On the tenth anniversary of the Pearl of Wisdom Campaign, Women are Urged to ‘Share the Wisdom’ about Cervical Screening

By April 26, 2018News

26th January 2018

The Irish Family Planning Association (IFPA) and CervicalCheck – the National Cervical Screening Programme – have today launched the Pearl of Wisdom campaign to highlight the vital importance of free regular cervical screening. This is the tenth year of the campaign marking European Cervical Cancer Prevention Week (28th January – 3rd February). The IFPA and CervicalCheck are urging women aged 25-60 to check when their next cervical screening is due, or to book their first test with a doctor or nurse registered with CervicalCheck.

In Ireland 300 women are diagnosed with cervical cancer every year; 90 women lose their lives to the disease. But it is preventable. Speaking at the Pearl of Wisdom campaign launch, Dr Gráinne Flannelly, Clinical Director of CervicalCheck commented: “High rates of uptake of the school-based HPV vaccination programme combined with regular screening has the potential to make cervical cancer a rare disease for future generations of Irish women.”

Dr Flannelly continued: “We are encouraged that the rates of new cervical cancer are falling and 80 percent of women have had a smear test in the last five years. However there are still women who have yet to participate and whose smear is overdue. We would like women to check when their next test is due by visiting cervicalcheck.ie or by phoning 1800 45 45 55.”

Dr Caitriona Henchion, Medical Director of the IFPA, remarked that this tenth anniversary of the Pearl of Wisdom Campaign and CervicalCheck is an important milestone for cervical cancer prevention.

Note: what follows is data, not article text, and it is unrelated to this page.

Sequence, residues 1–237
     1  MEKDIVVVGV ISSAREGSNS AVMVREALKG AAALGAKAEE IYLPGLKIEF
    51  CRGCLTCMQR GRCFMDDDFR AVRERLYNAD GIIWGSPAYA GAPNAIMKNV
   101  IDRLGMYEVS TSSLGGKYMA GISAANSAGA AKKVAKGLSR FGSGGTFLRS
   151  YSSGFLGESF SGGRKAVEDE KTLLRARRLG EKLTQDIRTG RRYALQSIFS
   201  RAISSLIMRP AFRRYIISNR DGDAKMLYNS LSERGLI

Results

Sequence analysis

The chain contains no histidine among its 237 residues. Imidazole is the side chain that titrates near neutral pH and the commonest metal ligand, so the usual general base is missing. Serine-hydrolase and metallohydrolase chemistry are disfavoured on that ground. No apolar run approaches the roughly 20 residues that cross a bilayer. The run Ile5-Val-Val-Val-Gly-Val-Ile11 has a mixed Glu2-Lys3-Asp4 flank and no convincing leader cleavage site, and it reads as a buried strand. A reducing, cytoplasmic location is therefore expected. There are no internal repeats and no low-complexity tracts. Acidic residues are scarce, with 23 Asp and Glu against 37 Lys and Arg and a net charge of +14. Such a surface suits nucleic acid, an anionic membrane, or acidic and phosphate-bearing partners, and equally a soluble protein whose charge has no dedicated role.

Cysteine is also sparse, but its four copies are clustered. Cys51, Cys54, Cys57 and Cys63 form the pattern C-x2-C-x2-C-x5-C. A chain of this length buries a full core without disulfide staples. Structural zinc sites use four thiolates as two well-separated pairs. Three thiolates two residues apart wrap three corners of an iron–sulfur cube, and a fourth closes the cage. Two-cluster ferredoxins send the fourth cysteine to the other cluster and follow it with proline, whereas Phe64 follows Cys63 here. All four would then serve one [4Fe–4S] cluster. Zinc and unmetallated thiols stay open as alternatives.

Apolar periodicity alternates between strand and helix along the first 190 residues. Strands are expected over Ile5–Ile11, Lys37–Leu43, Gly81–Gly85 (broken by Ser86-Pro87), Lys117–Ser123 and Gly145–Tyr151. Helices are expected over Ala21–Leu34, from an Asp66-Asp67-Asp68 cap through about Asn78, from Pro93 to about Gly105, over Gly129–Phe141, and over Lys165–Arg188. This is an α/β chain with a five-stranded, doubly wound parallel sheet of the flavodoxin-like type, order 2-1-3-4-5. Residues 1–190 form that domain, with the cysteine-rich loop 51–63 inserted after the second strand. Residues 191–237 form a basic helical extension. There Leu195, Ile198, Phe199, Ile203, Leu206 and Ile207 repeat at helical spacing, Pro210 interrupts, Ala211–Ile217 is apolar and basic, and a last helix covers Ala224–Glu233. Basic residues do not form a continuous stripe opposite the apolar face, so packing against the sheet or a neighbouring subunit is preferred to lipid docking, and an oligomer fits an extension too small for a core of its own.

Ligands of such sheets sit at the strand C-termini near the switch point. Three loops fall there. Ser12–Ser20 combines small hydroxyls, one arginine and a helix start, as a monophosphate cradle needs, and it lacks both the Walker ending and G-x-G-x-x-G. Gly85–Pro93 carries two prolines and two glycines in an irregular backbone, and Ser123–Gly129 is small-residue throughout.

She said: “This is the year in which the first large cohort of HPV vaccinated schoolgirls reach screening age and enter the programme, and we look forward to seeing the benefits of that.”

Dr Henchion emphasised that cervical screening will continue to be important even within the vaccinated populations. “Our screening programme is almost at the target uptake of 80 percent. However there is no room for complacency,” she said. “We still encounter women in their 30s, 40s and 50s who have never had a previous smear test. 25 years old is the time to start, not some time after 25.”

Campaign ambassadors Ashling and Aoife O’Regan highlighted the importance of sharing the wisdom about cervical screening.

At age 28, Ashling’s cervical screening found pre-cancerous cell changes. She attended for treatment and is now healthy. She passed the message about cervical screening on to her younger sister Aoife. Last year, Aoife’s very first test at age 25 revealed pre-cancerous cell changes. She too is well after receiving treatment, and wants to join her sister in sharing the wisdom with other women: don’t put off your cervical screening – it only takes a few minutes and it could save your life. 

Ashling noted: “I have to stay vigilant, but it’s important for everyone to stay vigilant. It’s such an easy thing to put off, but screening is there for a reason. Cervical cancer is preventable.”

Aoife said: “What my sister went through pushed me to go and get my first smear at 25. Cervical screening saved our lives. If I had waited a year, who knows what situation I could be in.”